Wildfire dangers are elevated this week due to forecast hot and dry conditions and the Florida Forest Service, Okeechobee District wants to remind residents to burn responsibly. Burning yard waste does not require a burn authorization from the Florida Forest Service as long as your burn meets specific requirements and there are no local, city or county ordinances in place that prohibit burning.
In some urbanized cities, open burning is prohibited; check with your local Florida Forest Service office before you burn. The Florida Forest Service can provide you with the specific requirements and burning hours before you strike that match. To burn yard waste you must at a minimum locate the fire 25 feet away from your house and 150 feet from any other occupied building, 50 feet from paved public roads, and 25 feet away from forests/brush.
“Additionally, keep your yard waste fire no more than eight feet in diameter and create a fire break -- a bare dirt area around the burn area,” explains Forest Area Supervisor Joe deBree with the Florida Forest Service. “Keep your fire small by adding to the fire as it burns down rather than burning everything at once in one large pile”. Before you ignite your fire, get a hose ready and keep a shovel and metal rake on hand. A shovel allows you to smother sparks and fire with dirt in an emergency while the rake allows you to quickly move logs or branches that roll off the fire.”
Burn only yard waste from your own property, such as leaves, small branches, grass, and other yard clippings. It is illegal to burn household garbage such as plastic, paper products, pesticides, plastics, rubber materials, tires, used oil, paint and aerosol containers, and any treated wood. It is also illegal to burn construction garbage such as asbestos containing materials, roofing materials, and asphalt.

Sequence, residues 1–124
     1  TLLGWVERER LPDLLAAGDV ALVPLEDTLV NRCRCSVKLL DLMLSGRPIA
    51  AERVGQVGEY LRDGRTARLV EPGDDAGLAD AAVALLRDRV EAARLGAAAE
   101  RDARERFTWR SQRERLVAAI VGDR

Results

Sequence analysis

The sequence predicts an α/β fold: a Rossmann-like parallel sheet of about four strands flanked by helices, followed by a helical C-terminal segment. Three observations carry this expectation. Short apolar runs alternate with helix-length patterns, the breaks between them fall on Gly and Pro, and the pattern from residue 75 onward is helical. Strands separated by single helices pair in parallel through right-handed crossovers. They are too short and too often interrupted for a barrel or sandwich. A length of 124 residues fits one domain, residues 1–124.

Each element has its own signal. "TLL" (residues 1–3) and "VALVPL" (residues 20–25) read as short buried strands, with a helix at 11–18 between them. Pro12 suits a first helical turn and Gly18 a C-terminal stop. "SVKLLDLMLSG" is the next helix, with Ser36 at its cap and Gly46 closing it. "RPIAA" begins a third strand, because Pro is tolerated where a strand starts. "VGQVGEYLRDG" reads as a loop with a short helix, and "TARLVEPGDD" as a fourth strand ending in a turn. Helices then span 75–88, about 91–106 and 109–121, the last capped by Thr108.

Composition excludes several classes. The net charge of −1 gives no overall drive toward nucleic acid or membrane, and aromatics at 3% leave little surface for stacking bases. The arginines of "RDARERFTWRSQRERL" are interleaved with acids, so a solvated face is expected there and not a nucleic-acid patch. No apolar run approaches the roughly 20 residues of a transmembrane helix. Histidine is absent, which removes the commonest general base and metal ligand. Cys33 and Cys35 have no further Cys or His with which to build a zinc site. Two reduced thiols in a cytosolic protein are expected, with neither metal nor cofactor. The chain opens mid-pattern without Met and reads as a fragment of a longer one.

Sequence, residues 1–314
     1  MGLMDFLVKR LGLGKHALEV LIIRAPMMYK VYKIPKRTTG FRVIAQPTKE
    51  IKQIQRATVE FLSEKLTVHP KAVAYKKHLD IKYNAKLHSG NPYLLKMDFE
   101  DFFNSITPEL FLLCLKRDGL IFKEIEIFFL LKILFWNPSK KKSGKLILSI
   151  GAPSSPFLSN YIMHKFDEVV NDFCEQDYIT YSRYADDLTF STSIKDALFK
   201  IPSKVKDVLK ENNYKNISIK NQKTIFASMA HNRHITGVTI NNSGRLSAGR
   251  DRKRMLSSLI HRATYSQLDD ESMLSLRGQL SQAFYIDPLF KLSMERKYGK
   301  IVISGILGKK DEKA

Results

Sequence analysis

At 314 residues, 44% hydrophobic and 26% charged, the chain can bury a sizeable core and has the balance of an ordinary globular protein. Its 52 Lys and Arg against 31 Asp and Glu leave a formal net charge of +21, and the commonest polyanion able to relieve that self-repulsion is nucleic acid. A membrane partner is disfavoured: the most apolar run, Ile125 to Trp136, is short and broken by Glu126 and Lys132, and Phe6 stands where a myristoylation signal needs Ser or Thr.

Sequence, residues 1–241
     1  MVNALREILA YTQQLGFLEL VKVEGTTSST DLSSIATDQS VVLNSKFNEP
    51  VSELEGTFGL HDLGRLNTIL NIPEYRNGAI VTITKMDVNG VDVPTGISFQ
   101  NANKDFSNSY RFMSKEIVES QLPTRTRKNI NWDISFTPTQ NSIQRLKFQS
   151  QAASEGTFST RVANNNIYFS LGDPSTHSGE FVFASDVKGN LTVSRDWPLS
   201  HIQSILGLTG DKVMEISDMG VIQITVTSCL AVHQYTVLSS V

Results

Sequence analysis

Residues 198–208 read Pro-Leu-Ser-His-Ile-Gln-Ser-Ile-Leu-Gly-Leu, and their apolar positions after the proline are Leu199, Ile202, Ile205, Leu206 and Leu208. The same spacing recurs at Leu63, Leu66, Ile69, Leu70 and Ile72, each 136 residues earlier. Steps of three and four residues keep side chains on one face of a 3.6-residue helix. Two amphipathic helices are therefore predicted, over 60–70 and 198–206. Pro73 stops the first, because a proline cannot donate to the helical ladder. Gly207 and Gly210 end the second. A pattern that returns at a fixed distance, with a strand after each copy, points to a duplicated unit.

Fires need your constant attention so plan to burn on a day when you can be there the whole time. Don’t leave, even for a minute without getting someone to watch it for you. When you’re finished burning, douse the fire with water and spread out the coals. Keep dousing and spreading the coals until the entire area feels cold to the touch.
Most importantly, if your yard waste fire escapes, you may be held liable for costs of suppression and damages that occur.
Note: Piles greater than eight feet in diameter will require: 1) authorization from the Florida Forest Service, 2) suppression equipment on scene, and 3) meeting additional setback requirements.
The Florida Forest Service, a division of the Florida Department of Agriculture and Consumer Services, manages more than 1 million acres of state forests and provides forest management assistance on more than 17 million acres of private and community forests. The Florida Forest Service is also responsible for protecting homes, forestland and natural resources from the devastating effects of wildfire on more than 26 million acres. Learn more at FloridaForestService.com.